When we first started working on this DBQ we knew that we wanted to educate students on how to best analyze propaganda, understanding what each piece is trying to say, being able to discover how each piece goes about conveying its message, and what historical events are transpiring to bring about such pieces of work. At the beginning of this DBQ lesson there was talk of only showing pro-women’s suffrage propaganda, but we discovered that if the students had only positive propaganda to view, then the lesson loses some of its strength. As a result we had to make a slight change my overall lesson. Instead of using only pro-suffrage pieces, we would also use anti-suffrage pieces and the students would compare, contrast, and analyze these pieces as a whole as well instead of independently.
I personally believe that the final project achieved all of my learning goals. My partner had a large amount of excellent material that we used and as a result we were able to created a DBQ that pushes students to both compare and contrast multiple pictures, as well as analyze individual pictures at a deep level.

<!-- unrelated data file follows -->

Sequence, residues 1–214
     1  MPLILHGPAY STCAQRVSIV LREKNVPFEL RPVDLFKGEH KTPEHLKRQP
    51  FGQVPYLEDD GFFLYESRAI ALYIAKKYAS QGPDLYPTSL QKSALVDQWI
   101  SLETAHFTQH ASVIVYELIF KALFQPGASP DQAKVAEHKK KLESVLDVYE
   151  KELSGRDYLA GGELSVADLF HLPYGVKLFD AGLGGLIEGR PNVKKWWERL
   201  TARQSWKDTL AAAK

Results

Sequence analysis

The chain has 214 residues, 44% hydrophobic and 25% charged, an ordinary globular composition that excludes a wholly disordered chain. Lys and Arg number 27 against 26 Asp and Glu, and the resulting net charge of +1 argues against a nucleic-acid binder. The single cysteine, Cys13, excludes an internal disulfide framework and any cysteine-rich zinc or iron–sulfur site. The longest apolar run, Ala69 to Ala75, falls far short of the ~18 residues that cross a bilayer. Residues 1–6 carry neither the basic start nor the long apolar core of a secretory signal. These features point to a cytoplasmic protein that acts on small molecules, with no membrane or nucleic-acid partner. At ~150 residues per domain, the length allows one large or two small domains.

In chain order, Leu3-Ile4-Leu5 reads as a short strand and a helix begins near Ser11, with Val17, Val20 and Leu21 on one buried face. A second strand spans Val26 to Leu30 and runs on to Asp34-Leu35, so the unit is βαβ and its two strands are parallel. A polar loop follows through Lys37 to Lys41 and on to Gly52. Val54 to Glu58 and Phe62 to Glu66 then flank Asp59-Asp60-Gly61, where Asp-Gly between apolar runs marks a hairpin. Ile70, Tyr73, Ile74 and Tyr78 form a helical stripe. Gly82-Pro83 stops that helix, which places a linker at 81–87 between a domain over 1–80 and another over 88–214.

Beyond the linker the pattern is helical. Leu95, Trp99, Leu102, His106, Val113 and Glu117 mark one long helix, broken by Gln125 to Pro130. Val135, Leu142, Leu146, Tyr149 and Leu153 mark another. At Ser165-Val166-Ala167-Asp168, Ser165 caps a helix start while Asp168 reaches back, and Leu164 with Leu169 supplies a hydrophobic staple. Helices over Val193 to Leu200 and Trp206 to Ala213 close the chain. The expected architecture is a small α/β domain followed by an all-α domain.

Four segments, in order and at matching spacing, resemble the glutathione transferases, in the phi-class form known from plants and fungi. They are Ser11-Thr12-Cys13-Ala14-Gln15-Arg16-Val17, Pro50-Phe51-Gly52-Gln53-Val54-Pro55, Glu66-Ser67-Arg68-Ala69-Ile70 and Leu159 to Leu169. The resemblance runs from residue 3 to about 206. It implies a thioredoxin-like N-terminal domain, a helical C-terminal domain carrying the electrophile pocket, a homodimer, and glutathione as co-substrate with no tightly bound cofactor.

The biggest lesson that I learned while working on this DBQ is that you have to be careful with what photographic material you use. Pictures are one of the most important parts of a DBQ and if the DBQ has poorly chosen pictures than the overall quality of it will suffer greatly. I also learned that you need to be careful when choosing a topic. While something such as the women’s suffrage movement is well documented through images and propaganda, there are other events that are either lacking sufficient pictures or lack any diversity in their imagery.
This DBQ is part of our class-produced, multi-touch iBook. Available free at iTunes
You can find our DBQ at Learnist
Image credit: Library of Congress: LC-DIG-ppmsca-02940
Title: Looking backward / Laura E. Foster.
Creator(s): Foster, Laura E., artist
Date Created/Published: c1912 August 22.